Both of Doucet’s listings are comparable in size to Toronto’s condos -- in some cases, even bigger. 

“To have the same size condo in the sky, you’re not one with nature,” says Doucet. “You’re not feeding the ducks or swans. You can’t sit on the front deck and dangle your feet in the water when you’re 20 storeys up.”

Not to mention, at its relatively low price point, a boat can function as a starter home for young people that will one day become a cottage or seasonal retreat.  

boats The Scarborough Bluffs

It’s Not Always Smooth Sailing 

While it’s easy to romanticize living year-round on a boat (especially if you tour the property in the summer), it isn’t without its challenges and is definitely not for everyone – the seasick set or not. 

Donis moved aboard during the winter season. “A couple of weeks in, we had a big storm,” he says. “I was outside at 3 am, with the wind and the rain, and the boat was crashing against this concrete wall that I was tied to for the season. I was trying to figure out how to keep everything tied down. One of the cleats had been torn out of the side because the wind was so crazy, and I remember thinking, ‘What the hell have I gotten myself into?’”

As Donis highlights, boaters are always at the whim of the weather -- and the wind, snow, and rain are no joke in the winter months. “Of course, you know that when you get the boat, but to actually experience it is something else, and you have to make sure you stay very adaptable,” he says.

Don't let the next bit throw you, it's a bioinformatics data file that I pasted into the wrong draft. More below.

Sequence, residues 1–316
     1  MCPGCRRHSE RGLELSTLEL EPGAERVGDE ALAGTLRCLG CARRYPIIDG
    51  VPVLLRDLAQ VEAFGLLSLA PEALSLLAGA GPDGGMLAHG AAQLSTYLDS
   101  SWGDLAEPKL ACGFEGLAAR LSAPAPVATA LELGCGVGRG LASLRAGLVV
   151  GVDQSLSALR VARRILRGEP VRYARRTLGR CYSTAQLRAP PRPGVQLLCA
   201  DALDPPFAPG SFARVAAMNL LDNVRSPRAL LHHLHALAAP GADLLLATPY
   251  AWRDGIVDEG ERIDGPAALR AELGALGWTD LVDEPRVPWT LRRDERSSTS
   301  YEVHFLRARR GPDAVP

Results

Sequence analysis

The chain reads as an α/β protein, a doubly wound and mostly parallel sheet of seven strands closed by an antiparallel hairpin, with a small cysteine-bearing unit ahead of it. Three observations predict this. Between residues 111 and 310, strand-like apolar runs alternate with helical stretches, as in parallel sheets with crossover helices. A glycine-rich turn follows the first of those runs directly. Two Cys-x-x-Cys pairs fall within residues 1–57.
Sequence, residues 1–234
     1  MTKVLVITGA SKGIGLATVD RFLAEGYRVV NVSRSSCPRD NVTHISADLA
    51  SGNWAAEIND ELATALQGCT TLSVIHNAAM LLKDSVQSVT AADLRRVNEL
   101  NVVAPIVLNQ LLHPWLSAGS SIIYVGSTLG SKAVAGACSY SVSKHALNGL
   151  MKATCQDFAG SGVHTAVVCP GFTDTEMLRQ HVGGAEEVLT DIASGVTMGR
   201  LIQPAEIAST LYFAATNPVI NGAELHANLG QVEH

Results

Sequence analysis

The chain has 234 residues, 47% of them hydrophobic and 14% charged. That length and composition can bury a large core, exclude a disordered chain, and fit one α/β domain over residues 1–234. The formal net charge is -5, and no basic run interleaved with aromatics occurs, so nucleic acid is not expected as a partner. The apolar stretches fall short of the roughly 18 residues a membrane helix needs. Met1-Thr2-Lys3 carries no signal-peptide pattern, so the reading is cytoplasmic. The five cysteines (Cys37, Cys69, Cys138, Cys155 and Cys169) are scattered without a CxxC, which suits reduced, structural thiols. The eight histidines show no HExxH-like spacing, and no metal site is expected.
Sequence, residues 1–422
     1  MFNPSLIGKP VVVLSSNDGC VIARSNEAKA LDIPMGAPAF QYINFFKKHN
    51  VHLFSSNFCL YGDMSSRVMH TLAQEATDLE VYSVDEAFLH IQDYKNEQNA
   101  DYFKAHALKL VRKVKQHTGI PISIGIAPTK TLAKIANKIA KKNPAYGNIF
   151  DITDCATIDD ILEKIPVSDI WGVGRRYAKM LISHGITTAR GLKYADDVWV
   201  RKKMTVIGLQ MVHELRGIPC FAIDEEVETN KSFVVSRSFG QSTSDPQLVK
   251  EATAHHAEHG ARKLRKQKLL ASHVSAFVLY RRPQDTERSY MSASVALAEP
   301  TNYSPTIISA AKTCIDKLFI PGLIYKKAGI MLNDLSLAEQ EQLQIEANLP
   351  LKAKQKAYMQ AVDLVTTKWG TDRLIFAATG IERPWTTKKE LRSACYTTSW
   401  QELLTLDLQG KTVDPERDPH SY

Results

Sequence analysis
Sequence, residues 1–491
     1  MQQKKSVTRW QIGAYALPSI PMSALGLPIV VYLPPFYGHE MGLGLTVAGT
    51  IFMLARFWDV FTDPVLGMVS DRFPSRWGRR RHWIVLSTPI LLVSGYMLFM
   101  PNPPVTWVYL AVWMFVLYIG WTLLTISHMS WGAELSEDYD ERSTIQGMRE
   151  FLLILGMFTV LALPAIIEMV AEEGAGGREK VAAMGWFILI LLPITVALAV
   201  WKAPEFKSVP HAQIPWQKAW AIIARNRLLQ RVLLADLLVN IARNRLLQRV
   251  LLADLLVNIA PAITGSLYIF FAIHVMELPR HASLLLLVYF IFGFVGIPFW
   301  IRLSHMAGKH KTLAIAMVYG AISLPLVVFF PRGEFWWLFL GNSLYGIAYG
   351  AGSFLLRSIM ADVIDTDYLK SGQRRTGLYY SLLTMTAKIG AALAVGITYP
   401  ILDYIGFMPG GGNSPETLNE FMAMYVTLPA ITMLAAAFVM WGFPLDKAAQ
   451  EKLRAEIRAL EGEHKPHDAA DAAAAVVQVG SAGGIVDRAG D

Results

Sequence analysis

With older boats, repairs and updates will inevitably be required. “You need to make sure you can do the work -- or, at least, budget for it,” says Donis. “It helps to be handy so you can take care of a lot of things yourself. Google University was my saviour many times.”

At just 24 years old when he moved aboard, Donis didn’t come from a huge boating background. “There are many things you don’t think of that now make sense in hindsight; engine issues, things not working how they’re supposed to, learning how to winterize everything,” says Donis. “But there was a great community there that taught me a lot.” 

boats Bluffers Park Marina

Community is Key 

Both Doucet and Donis say the best thing about year-round boat living is the community that comes with living aboard. “It’s a different community than those who only summer with their boats,” says Donis. 

Doucet says that she now leaves for work 15 to 20 minutes earlier than she did while living in a bricks and mortar house because the commute inevitably means run-ins and chats with her nautical neighbours. She says that the community at Bluffers Park Marina is like no other in Toronto. “It’s inclusive, energetic, supportive, and spontaneous,” says Doucet. “We do all sort of group events: water activities, dodgeball, potlucks.”

But it’s not all fun and games. The boating community also bands together to help one another out when it comes to doing the work. “In the spring and fall, we help one another prepare our boats and houseboats for winter,” says Doucet. “So, we tighten ropes, blow up fenders, plug in heat trace lines, put bubblers in, and go in and help others if they can’t reach things like smoke detectors or need help. On a particular day, we go up and down the docks and prepare all the boats for winter. It’s the reverse in spring and have a gathering after that.”

Aside from the community, as Donis highlights, having a boat is also a conversation starter. “You have a boat; all of the fun reasons that people have boats as pleasure crafts, you still get to have,” says Donis. “In the summer, it’s constant vacation mode.”  

Sounds pretty good to us.